The IAC coordinates with a single external stakeholder-run Government Business Regulator (GBR). The GBR sets out common triple-bottom line reporting standards for all large firms, and works with the IACs of each firm to make objective decisions regarding breaking up companies due to anti-competitive monopolistic or oligopolistic industry developments. Companies use a triple-bottom line approach when they report transparently on their activities as related to environmental quality, social justice, and profitability.
Picking up the slack
Maintaining transparency and market competition ensures that if one firm fails, several others in the same industry can pick up the slack. Governments never have to bail out firms this way.
At the same time, the suggested systems and structures help firms prevent failures. They are more adaptive, and internal structural problems related to hierarchy are removed.
Ultimately, the effectiveness of operations becomes the focus, while the short-term whims of shareholders and stock markets have decreased influence.
I was first in touch with Jamal Khashoggi — the Saudi journalist who disappeared on Oct. 2 — while setting up an interview with Osama bin Laden’s former close friend and brother-in-law, Mohammad Jamal Khalifa, for the CBC back in 2003.
Khalifa was a murky character at the time (he has since died in a mysterious killing in Madagascar in 2007). After Sept. 11, 2001, he always maintained publicly that he had fallen out with bin Laden’s decision to form al-Qaida in 1988. He was accused of being a major financier for the al-Qaida-aligned Abu Sayyaf terrorist group and reportedly also played a controversial role in the arrest of the group that attempted to blow up the World Trade Centre in 1993.
Khashoggi, then the deputy editor-in-chief of Arab News, a Gulf English language daily, was one of dozens of Saudi-based journalists and political observers I reached out to in an effort to track down Khalifa. For several months, all my calls and emails went unanswered. And then Khashoggi responded.
Yes, I know Khalifa, he told me via email. And yes, he could help facilitate an in-person interview with him.
From a news perspective, it was a great scoop: a rare opportunity to speak to someone who had once been close to bin Laden. Khashoggi not only followed through with the interview, but he also sought out several other English-speaking political analysts to take part in another separate television segment — a panel discussing Saudi affairs.
A wide source-list: Saudi royals and terrorists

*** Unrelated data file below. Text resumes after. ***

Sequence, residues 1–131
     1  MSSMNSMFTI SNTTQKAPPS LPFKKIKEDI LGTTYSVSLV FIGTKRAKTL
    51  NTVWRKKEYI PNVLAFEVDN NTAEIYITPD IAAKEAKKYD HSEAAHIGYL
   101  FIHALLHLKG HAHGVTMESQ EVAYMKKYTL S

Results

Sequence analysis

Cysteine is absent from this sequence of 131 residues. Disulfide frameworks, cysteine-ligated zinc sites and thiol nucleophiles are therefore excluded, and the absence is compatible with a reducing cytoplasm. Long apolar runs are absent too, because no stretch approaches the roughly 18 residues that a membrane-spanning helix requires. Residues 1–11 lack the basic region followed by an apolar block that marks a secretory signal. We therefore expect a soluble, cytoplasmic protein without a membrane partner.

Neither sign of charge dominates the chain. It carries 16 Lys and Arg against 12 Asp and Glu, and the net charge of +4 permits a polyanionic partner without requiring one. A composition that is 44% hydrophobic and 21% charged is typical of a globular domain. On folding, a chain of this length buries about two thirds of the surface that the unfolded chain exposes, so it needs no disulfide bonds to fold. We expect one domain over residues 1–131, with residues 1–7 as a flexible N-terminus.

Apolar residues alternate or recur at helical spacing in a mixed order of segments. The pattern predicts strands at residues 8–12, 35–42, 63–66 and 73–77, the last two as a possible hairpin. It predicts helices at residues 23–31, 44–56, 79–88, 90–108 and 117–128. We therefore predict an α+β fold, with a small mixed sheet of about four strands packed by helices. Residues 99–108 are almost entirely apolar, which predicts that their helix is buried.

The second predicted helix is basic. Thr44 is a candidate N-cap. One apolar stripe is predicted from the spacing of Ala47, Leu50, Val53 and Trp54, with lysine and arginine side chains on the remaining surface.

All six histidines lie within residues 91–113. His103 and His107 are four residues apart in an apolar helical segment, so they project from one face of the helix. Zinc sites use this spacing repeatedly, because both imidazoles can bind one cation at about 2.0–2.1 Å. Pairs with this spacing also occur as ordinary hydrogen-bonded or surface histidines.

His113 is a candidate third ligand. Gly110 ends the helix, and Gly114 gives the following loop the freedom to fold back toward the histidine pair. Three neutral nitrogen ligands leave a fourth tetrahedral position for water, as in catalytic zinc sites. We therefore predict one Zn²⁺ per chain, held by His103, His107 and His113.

I know I am not alone among foreign journalists who have had similarly positive experiences working with Khashoggi. Any reporter or policy researcher who has covered the Gulf countries can attest to how difficult it is to find helpful, credible and thoughtful voices who are willing to share their insight on life inside the elusive kingdom.
In this respect, Khashoggi was a breath of fresh air. He always seemed to be fine with appearing on camera and being identified in news reports.
But Khashoggi was also noticeably cautious. This caution likely prompted any reporter who used him as a source to assess him with a healthy degree of scrutiny. How many journalists after all — no matter how high they are — can honestly say they have sources to both international terrorists and elusive members of the Saudi royal family?
But he was also no ordinary political adviser. Under his editorial direction at Arab News, for instance, he bravely published editorials that called for more personal freedoms and greater employment for Saudi youth, and allowed coverage of public demands by migrant workers and Shia minority communities in Bahrain. These are virtual no-go areas in Gulf news outlets.
It would be misleading, however, to portray him in the way some leading journalists have since his disappearance last week in Turkey. Khashoggi wasn’t “a fierce critic” of the Saudi regime.
Before he decided to start using The Washington Post last year as a platform to effect change (after being constantly suspended from writing in various Saudi media), his criticism of the leadership could probably best be described as subtle with polite reservations of the kingdom’s policies.